Central banks come to the market
A monitor on the NYSE floor displays Federal Reserve chairman Jerome Powell. Photo: Drew Angerer/Getty Images
Central bank guidance is increasingly falling on deaf ears in the market as more investors position for looser monetary policy no matter what policymakers say. And as the year has progressed, central banks all over the world have moved towards those dovish expectations.
Why it matters: The idea behind forward guidance is it allows central banks to influence market expectations without taking action. But the market has lost faith in the forward guidance of the Fed, European Central Bank, Bank of Japan and central banks from Mexico to Sweden.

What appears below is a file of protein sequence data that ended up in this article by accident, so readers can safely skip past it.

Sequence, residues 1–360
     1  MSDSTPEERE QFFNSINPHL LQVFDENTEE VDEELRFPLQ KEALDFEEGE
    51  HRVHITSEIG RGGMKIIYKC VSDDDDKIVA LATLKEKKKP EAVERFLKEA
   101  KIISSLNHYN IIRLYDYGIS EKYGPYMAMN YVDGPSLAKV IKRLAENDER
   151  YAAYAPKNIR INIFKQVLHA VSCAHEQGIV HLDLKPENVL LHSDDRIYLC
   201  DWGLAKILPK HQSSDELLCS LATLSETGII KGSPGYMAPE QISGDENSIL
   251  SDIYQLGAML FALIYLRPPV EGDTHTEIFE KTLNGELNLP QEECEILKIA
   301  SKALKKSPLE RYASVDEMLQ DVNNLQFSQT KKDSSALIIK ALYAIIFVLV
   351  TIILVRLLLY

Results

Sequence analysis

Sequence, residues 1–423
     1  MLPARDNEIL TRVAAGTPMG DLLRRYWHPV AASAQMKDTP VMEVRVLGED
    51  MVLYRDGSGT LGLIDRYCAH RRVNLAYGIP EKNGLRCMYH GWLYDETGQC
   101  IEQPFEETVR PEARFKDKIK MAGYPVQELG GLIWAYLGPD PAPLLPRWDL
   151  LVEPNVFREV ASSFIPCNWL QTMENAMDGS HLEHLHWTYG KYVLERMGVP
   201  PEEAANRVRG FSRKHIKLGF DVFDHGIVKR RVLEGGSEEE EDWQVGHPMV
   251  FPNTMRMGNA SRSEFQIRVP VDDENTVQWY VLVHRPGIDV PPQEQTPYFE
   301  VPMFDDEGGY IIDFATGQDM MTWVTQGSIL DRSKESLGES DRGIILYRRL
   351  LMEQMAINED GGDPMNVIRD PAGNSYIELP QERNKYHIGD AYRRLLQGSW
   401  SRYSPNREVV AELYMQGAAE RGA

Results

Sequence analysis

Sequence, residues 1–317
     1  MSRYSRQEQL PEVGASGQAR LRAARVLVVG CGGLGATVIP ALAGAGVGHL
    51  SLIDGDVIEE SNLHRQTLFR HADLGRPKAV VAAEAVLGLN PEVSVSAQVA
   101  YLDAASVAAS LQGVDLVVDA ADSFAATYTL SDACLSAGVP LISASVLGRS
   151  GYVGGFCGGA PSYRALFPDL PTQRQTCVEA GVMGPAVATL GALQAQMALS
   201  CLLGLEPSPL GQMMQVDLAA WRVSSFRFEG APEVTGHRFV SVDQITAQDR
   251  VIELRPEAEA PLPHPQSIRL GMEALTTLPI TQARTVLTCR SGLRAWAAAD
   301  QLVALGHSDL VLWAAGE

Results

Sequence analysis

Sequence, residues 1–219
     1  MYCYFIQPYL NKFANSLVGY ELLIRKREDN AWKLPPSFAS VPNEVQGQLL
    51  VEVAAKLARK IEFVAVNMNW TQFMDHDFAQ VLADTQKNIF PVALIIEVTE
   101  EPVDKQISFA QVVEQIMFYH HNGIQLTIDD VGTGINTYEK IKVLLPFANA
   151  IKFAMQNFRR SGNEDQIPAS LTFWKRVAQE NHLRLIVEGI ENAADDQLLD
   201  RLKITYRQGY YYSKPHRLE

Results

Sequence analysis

- This is a major problem given that credibility is a foundational bedrock of central banks' ability to execute their primary function — maintaining price stability.
What to watch: Not a single major central bank has raised interest rates so far this year and the Reserve Banks of India and New Zealand have cut rates by 25 basis points, notes Capital Economics Head of Global Economics Service Jennifer McKeown.
- "We still believe that central banks in the advanced economies will need to do more than make pledges if they are to stand any chance of reinvigorating their economies and hitting their inflation targets."